Next, the district asserts that the IHO erred in ordering the district to place the student at the Rebecca School for the remainder of the 2012-13 school year.  The district argues that, absent a unilateral placement by the parents, the IHO did not have legal authority to order such a prospective placement.  In any event, the district asserts that the IHO erred in addressing the appropriateness of the Rebecca School in that, because the student did not attend during the 2012-13 school year, such an analysis was speculative.  Further, the district asserts that the hearing record does not adequately demonstrate that Rebecca was an appropriate placement.

            With respect to equitable considerations, the district asserts that: neither the parents nor the Rebecca School staff who attended the May 2012 CSE meeting objected to the 6:1+1 special class placement; the parents did not cooperate in the CSE process; the parents' three letters to the district did not cite to any specific objections to the May 2012 IEP; and that the parents made arrangements for the student's home-instruction program prior to visiting the assigned public school site.  The district also asserts that, to the extent that the IHO made a determination that the parents were entitled to direct payment of the student's prospective tuition at the Rebecca School, he erred because the parents failed to demonstrate their inability to afford the tuition.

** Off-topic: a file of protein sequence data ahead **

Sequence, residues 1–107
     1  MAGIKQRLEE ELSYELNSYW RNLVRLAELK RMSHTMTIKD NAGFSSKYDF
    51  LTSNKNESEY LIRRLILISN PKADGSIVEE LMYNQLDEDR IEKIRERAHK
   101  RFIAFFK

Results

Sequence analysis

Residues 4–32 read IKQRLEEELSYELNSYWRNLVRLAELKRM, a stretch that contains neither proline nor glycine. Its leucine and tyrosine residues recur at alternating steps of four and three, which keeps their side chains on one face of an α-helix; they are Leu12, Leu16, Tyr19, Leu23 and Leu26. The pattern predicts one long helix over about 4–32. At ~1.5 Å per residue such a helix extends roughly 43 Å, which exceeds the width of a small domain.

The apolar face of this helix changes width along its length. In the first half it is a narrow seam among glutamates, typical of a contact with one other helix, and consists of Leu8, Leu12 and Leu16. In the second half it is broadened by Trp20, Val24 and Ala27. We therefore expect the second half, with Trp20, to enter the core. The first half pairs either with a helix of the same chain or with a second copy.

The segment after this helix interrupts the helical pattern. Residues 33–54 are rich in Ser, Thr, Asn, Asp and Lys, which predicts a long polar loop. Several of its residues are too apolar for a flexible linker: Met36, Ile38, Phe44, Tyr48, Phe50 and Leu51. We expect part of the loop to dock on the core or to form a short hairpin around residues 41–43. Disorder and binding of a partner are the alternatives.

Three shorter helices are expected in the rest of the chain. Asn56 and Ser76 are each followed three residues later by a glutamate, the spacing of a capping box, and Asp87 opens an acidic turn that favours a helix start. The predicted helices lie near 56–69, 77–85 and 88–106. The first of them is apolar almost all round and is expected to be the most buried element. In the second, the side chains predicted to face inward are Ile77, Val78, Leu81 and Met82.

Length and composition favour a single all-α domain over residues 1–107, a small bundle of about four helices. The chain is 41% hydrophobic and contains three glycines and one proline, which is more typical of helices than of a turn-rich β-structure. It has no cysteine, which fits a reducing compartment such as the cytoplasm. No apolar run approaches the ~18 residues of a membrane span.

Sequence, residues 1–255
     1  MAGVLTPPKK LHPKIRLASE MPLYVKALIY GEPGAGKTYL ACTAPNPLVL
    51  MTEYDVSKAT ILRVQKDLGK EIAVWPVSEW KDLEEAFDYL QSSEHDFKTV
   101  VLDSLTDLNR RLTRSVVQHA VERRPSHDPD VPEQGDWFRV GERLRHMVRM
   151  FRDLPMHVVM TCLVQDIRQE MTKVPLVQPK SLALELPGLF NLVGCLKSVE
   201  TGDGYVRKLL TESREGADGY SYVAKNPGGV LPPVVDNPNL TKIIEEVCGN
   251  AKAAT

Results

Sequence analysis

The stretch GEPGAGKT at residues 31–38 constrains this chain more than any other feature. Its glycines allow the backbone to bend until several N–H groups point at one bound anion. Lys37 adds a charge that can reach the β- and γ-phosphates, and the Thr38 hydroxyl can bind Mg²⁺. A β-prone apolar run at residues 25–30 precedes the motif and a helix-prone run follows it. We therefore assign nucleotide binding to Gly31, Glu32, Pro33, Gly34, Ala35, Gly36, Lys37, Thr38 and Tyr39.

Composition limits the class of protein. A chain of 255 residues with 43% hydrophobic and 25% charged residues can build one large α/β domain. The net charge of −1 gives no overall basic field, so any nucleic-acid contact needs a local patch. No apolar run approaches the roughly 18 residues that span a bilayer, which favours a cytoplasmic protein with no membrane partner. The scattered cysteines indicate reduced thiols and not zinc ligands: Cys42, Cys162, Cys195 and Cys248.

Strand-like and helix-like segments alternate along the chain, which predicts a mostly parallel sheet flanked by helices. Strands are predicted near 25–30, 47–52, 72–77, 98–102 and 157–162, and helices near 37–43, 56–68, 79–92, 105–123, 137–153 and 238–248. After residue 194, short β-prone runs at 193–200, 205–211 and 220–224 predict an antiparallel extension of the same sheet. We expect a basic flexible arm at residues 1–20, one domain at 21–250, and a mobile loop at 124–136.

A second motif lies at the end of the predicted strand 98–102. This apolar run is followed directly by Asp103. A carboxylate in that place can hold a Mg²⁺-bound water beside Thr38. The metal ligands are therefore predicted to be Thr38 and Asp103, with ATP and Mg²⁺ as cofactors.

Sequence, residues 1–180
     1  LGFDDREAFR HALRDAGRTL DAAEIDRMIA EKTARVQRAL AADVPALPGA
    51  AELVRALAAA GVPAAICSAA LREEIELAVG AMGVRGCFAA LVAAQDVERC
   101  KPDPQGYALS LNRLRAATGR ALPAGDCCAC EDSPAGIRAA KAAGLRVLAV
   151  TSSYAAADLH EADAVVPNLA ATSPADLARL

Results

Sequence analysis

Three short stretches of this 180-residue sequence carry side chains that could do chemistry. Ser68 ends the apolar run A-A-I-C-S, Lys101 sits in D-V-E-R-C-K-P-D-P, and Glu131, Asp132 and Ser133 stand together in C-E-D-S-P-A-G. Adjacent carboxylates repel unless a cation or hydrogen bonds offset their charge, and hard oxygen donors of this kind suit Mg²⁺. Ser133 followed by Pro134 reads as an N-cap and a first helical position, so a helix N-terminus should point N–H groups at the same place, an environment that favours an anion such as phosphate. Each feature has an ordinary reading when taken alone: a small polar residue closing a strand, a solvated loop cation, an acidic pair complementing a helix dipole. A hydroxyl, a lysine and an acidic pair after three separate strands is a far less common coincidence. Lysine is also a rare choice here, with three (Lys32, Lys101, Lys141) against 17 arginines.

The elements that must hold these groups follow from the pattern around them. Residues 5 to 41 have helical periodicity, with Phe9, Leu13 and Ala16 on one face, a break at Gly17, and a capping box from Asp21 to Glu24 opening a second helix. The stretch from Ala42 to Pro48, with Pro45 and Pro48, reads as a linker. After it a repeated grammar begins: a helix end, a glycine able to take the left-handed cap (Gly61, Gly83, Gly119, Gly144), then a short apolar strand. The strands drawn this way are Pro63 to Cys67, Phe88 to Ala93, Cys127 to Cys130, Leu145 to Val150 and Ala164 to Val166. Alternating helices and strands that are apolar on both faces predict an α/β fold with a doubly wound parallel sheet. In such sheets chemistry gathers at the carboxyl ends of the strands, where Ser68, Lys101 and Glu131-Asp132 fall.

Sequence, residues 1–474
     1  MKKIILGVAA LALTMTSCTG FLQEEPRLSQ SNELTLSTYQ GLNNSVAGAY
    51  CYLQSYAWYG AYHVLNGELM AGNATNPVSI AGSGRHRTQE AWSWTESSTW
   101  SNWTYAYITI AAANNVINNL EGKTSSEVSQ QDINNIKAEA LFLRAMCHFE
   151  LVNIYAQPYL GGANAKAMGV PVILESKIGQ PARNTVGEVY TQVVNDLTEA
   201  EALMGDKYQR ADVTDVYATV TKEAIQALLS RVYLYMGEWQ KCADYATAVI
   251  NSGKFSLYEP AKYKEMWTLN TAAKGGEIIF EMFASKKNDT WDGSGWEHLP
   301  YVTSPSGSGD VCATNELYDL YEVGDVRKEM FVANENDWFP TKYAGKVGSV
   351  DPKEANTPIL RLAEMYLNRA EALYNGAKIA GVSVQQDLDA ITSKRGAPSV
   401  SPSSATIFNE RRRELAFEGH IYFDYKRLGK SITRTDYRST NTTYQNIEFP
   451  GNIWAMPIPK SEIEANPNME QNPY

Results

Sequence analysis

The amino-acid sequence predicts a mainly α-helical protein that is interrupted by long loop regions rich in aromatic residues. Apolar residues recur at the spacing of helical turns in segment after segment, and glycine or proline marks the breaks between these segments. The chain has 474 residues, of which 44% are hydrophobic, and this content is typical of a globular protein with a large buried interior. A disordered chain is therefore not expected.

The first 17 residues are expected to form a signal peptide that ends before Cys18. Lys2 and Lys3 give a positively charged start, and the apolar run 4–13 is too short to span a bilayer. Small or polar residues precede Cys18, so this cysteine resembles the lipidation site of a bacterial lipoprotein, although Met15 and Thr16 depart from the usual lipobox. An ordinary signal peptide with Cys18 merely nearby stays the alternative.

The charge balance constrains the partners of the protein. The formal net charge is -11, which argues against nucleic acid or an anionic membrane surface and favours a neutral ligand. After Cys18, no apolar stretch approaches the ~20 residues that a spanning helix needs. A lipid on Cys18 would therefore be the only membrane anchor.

In an answer and cross-appeal, the parents respond to the district's petition by denying the material allegations raised and asserting that the IHO correctly determined that the district failed to offer the student a FAPE for the 2012-13 school year, that the home-instruction program was an appropriate unilateral placement for the student, that the Rebecca School was an appropriate prospective placement for the student, and that equitable considerations weighed in favor of awarding the parents the relief requested.  The parents also interpose a cross-appeal, alleging that the IHO erred by denying their request for additional services.